Extend UK energy price cap to hold back inflation, thinktank says | UK cost of living difficulties | Whuff News

Jeremy Hunt should allow the energy price cap to run beyond the six-month deadline to act as a “shock absorber” that would reduce inflation and give consumers £90bn of extra energy spending, a leading thinktank has argued.

The left-leaning IPPR said an energy price cap could return the exchequer to the demands of low wages and low interest rates, boosting economic growth and boosting tax receipts.

In a report before the chancellor of November 17 in the fall, the IPPR said that the funds released to prevent a major recession can be used to support public services and increase welfare and pension payments.

But the thinktank warned tax increases would be needed to give Hunt a chance to support households and businesses, particularly in a broader wind tax on additional revenue generated by energy companies.

The report of the Decision Foundation asked the ministers to use the report of November 17 in the fall to take into account the increase in taxes for households and businesses that have prospered due to the pandemic and are protected from the cost of living crisis.

The foundation said the chancellor should avoid attacks on public services and welfare benefits, which have suffered 12 years of hardship.

He warned Hunt that cuts to public infrastructure spending would save money in the short term but depress growth for the rest of the decade.

Hunt was due to introduce an update to the government’s financial plans on Monday but this was pushed back to November 17 last week, after Rishi Sunak replaced Liz Truss as prime minister.

The Office for Budget Responsibility, which produces independent forecasts of economic growth and public finances for the Treasury, is expected to say on 17 November that the £39bn shortfall predicted in March for public spending this year has grown to £89bn.

James Smith, director of research at the Decision Foundation, said the weak economic outlook, high interest rates and the remaining legacy of “Trussonomics” – the £17bn of unfunded tax cuts announced in Chancellor Kwasi Kwarteng’s mini-budget in September – “mean the government is on its way to violate these principles unless further policy measures are taken”.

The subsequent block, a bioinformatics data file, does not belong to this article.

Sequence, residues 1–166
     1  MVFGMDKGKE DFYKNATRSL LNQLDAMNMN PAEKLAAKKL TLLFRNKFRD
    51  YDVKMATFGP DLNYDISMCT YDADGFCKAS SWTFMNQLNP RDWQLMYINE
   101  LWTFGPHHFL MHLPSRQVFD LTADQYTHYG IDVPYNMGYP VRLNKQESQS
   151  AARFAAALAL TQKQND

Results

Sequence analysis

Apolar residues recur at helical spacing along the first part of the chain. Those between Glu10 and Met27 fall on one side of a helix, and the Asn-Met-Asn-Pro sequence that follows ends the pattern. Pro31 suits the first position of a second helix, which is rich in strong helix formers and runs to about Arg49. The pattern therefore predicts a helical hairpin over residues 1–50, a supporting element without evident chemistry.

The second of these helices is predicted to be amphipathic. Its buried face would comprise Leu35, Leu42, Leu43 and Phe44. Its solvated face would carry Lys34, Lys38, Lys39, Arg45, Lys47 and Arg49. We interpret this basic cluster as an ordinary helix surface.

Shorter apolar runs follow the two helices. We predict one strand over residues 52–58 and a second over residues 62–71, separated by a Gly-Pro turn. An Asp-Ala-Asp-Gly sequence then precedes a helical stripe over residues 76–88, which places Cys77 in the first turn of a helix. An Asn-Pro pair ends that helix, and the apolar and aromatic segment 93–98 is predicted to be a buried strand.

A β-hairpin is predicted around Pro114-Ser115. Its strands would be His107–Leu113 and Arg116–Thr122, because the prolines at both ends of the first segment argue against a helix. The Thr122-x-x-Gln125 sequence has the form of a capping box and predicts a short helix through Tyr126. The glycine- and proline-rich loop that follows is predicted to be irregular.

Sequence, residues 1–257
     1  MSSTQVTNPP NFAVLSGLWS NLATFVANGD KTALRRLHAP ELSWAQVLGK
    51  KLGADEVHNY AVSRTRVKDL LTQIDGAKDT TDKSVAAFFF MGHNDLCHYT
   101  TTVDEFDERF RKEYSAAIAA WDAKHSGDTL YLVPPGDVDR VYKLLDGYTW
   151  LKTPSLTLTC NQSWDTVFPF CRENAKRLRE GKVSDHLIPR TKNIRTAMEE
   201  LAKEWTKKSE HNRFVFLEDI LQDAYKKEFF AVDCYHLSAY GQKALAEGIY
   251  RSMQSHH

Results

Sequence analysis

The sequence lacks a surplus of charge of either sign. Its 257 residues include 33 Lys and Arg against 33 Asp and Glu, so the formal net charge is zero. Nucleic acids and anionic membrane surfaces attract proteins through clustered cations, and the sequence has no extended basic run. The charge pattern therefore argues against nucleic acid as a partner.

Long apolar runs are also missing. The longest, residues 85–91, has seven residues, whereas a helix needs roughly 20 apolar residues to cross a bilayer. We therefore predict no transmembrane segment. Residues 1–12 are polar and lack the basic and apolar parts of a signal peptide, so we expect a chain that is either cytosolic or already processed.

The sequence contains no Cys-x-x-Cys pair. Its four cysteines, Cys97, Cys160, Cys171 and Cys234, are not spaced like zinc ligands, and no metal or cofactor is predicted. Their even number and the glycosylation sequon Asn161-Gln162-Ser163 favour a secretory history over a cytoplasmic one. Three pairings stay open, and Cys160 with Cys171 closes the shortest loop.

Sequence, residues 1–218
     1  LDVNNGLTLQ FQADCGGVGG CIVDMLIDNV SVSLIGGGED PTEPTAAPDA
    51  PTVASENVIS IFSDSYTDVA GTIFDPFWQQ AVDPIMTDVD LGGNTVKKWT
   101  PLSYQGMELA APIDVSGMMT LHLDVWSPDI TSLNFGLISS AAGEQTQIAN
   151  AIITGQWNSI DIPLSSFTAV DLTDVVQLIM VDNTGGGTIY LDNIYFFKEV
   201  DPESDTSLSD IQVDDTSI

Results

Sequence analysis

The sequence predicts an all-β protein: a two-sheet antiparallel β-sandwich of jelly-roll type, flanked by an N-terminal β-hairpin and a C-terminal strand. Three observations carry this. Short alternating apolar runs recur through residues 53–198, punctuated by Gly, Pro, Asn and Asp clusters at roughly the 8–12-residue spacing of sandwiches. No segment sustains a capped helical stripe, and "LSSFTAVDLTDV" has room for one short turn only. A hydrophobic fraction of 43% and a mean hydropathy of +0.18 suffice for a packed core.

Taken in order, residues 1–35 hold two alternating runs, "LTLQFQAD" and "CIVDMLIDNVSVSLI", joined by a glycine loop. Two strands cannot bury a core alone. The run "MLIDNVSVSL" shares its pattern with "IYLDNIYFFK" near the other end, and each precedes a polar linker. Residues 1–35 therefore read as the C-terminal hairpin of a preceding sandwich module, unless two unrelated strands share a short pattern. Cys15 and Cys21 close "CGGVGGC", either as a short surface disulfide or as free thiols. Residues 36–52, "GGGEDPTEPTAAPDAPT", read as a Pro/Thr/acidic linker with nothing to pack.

The OBR is predicting a rise in unemployment of around half a million, taking it above levels seen during the pandemic.

This weak economic outlook is set to raise government borrowing by around £23bn a year by 2026-27. The addition of £20bn to cover the government’s higher borrowing costs – including an extra £10bn since the small budget – and the cost of inflation takes the total to around £50bn.

“The government has more than two weeks to finalize its plans to address economic integrity and public financial stability,” Smith said.

“While the recent focus has been on improving post-Trussonomics conditions, the main picture remains one of weak growth, high borrowing costs and expensive tax cuts that have left a fiscal hole.”

Carsten Young, an economist at the IPPR, said the Treasury could abandon its goal of reducing debt as a share of GDP to maintain government spending during tough economic times.

“We propose an alternative approach, which we call the ‘shock absorption approach’.

“The main idea is that if governments support households and businesses significantly and adequately in response to energy shocks, they should have less need to raise their incomes and prices to make up for the energy shock,” he said.

“The more we moderate high energy prices, the more we can avoid unsustainable inflation.”

He said the money could be repatriated through air tax to profitable companies.

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